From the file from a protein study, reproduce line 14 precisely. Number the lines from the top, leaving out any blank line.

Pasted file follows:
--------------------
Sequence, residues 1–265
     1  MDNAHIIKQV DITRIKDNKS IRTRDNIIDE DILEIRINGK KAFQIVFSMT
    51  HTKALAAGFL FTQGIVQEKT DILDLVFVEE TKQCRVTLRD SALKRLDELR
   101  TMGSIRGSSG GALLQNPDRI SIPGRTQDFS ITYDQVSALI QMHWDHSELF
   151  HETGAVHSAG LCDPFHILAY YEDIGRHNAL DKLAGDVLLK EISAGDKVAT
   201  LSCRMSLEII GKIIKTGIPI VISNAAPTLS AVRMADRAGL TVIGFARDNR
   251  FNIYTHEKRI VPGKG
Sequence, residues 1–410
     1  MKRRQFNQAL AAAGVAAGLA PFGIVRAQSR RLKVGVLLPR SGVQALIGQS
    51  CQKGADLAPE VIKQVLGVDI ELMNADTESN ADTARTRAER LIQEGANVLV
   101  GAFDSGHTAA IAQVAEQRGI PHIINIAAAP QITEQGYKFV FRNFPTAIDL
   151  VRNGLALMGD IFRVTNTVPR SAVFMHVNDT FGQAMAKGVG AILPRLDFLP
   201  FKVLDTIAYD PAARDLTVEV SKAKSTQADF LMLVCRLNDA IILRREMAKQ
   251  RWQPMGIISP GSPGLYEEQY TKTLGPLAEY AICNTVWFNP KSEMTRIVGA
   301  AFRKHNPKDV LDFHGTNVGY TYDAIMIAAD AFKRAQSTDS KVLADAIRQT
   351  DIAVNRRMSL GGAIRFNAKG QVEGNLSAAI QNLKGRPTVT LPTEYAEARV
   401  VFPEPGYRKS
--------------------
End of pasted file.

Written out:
   251  RWQPMGIISP GSPGLYEEQY TKTLGPLAEY AICNTVWFNP KSEMTRIVGA